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June 2016

Sterling stabilises

Published: Wednesday 29 June 2016

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  • Sterling stabilises
  • US Fed gets housing and spending data to mull

Could the MPs all just shut up now! The next time I hear an ill-informed MP tell me the economy is melt-down, I will personally go round and take them by the.........grrrr......deep breath. The economy has shown no signs of being in melt-down, the markets dived as markets do when confronted by uncertainty but they have rebalanced now that it is clear that, as of this minute, not much has changed. I can reliably report that, every day since the referendum result was announced, the sun has risen and fallen, the birds have sung and people have gone about their business awaiting the time when headless-chicken political organisations get their acts together and start planning for the future.
 
UK house prices rose 5.1% in the year to June, Dixons saw a rise in profits of 17% last year, L&G has reported that its balance sheets are robust in the wake of the referendum and it goes on. Could the political classes stop whingeing about not getting their own way and start talking up the future of the UK economy right this minute please? How else are we going to do well in the upcoming negotiations with the EU and the rest of the world? Doom and gloom just ain't helping guys.
 
Sterling is one of those things that fell quickly but has now found its feet. Those feet, as with all upright people, were well below the highs we saw a month back but the Pound had been pushed up to those levels by investors who had counted a lot of chickens before the referendum hatched another plan. So Sterling is at lower levels than before but that is great for exporters who will look more attractive to overseas buyers and it is great for the UK tourist industry which may well get an influx of visitors fearful of the visa implications of a Brexit and trying to see Anne Hathaway's cottage before it gets harder to do.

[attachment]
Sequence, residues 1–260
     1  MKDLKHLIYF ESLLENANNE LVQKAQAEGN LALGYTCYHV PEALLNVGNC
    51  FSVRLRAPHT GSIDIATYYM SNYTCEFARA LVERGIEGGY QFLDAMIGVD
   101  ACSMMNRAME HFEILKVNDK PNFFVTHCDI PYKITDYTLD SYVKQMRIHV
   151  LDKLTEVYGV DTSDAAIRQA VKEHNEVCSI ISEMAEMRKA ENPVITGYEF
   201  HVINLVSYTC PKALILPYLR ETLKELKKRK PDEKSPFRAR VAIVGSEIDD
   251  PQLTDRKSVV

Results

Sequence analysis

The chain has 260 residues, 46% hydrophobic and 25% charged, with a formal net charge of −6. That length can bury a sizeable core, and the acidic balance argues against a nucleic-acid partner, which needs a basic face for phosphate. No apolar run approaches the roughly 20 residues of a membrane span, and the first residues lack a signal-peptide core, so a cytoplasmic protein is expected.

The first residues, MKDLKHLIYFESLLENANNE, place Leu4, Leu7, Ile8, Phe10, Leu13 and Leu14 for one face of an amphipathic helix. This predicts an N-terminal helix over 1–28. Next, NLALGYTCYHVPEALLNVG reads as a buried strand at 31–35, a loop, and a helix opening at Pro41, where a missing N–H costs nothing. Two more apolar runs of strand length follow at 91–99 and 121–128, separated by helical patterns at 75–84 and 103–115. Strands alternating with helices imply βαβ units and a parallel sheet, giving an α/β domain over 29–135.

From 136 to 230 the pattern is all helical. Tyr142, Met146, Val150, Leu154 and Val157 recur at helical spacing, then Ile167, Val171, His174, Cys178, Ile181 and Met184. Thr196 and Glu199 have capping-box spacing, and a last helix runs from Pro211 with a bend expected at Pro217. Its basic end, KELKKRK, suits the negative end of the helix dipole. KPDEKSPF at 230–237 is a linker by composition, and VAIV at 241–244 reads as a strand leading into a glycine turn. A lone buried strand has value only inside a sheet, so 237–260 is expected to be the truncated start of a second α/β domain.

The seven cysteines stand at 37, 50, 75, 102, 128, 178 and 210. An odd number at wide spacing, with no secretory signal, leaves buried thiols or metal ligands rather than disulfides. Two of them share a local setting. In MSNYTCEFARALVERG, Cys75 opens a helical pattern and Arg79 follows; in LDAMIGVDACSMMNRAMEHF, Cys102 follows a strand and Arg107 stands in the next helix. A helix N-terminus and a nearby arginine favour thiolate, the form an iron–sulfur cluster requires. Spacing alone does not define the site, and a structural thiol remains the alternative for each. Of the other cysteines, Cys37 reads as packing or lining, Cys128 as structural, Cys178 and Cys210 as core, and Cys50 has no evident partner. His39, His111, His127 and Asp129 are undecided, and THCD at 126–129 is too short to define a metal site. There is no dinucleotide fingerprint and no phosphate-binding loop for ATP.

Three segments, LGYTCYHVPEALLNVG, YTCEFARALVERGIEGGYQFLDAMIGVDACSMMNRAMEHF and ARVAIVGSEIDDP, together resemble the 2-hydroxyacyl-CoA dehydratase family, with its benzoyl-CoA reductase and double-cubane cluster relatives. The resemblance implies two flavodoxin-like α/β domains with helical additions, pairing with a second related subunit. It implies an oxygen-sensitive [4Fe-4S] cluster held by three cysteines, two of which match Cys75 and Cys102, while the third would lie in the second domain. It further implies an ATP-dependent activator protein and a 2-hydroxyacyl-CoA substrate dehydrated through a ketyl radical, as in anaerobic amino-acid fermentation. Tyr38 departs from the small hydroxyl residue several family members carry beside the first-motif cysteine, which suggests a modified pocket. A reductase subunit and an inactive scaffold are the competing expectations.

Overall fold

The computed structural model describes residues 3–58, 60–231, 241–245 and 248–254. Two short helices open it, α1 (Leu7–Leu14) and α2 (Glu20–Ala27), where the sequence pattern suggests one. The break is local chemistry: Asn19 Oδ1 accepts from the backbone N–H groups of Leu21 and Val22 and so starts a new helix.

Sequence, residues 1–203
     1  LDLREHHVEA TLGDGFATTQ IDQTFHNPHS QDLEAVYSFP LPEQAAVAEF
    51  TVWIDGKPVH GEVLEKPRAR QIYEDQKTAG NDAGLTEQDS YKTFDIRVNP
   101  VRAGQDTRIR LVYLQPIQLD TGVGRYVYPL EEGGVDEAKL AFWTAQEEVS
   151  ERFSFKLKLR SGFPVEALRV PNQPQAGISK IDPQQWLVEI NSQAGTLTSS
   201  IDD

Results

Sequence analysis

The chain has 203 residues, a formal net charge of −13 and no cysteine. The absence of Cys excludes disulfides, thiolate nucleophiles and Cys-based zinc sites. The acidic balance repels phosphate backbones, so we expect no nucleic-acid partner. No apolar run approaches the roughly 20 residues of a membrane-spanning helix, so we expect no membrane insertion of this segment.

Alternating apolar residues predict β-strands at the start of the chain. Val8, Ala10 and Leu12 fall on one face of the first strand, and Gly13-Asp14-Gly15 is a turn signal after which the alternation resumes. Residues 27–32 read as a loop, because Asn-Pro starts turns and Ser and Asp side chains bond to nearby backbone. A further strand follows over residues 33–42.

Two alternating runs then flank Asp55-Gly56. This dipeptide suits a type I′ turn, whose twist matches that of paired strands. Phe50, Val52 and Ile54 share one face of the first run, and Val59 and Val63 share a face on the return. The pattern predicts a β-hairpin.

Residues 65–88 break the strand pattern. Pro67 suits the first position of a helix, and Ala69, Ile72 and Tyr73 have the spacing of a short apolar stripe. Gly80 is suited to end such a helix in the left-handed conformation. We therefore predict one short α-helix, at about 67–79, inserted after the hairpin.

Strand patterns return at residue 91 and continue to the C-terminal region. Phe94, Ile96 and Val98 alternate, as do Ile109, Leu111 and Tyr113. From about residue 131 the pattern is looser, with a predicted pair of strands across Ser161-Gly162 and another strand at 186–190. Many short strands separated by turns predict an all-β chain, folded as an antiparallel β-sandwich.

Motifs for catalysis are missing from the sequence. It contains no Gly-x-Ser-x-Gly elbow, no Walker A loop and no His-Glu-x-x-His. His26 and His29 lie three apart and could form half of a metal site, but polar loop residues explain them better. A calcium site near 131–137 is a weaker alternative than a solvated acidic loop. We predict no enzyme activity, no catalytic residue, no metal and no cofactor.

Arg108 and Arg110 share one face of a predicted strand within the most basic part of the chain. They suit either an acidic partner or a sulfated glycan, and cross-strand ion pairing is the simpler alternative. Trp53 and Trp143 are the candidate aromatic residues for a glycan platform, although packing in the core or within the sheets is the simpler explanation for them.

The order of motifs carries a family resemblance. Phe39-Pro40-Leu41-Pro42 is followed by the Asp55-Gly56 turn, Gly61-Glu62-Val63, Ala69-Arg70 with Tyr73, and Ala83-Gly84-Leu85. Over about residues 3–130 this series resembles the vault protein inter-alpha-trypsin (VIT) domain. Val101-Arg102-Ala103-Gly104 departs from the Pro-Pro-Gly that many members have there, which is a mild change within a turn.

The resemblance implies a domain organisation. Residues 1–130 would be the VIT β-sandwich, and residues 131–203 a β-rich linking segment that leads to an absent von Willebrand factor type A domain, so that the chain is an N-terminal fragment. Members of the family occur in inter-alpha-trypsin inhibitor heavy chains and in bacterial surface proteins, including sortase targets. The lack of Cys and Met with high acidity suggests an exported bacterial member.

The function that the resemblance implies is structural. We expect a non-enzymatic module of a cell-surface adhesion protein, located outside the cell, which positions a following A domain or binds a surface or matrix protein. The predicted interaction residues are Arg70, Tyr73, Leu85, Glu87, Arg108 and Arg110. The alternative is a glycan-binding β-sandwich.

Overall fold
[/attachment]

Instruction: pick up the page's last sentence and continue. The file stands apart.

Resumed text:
This morning brings the Eurozone business and consumer confidence indicators. I suspect they will have taken a bit of a knock in the wake of the UK vote but the EU made it clear yesterday that, having got the trouble-making Brits out of the way, they can plough on with ever closer integration. Whether further referenda will hamper that plan is a moot point at this stage.  We will also get EU inflation data but there really isn't any inflation to speak of anywhere at the moment, so that is unlikely to obscure the Brexit repercussions.
 
There is a barrage of housing and personal income & expenditure data from the US later. The Federal Reserve will watch all of that with a keen eye because they are in a quandary over whether they have scope for interest rate hikes or whether they need to sit on their hands for the rest of the year. The US Dollar is remarkably strong; benefitting from its safe haven status, but it is rather overbought at these levels and could cede some of that strength if this data is poor.
 
What was interesting yesterday was a report that sun spots have all but stopped for now and that may herald a new ice age. So we go from predictions of global warming to global freezing in one swift movement but how are they going to tax us on that?
 

 Short jokes

 
Q             Why is moon rock harder to digest than Earth rock?
A             It’s a little meteor.
 
Q             How does a deep space astronaut cut his hair?
A             Eclipse it.
 
Q             What was the weather like at the end of the ice age?
A             Moraine.
 

Today's Major Economic Releases 

 
Market BST Data/Event Previous Expected
EUR Day 2 EU Economic summit    
GBP 09:30 UK: Net lending to individuals m/m 1.6B 4.3B
USD 13:30 US: Core PCE price index m/m 0.2% 0.2%
USD 13:30 US: Personal spending m/m 1.0% 0.4%
USD 15:00 US: Pending home sales m/m 5.1% -0.9%
NZD 23:45 New Zealand: Building consents m/m 6.6% 6.6%

FX Research by David Johnson

Daily Currency Analysis with Michael Hart

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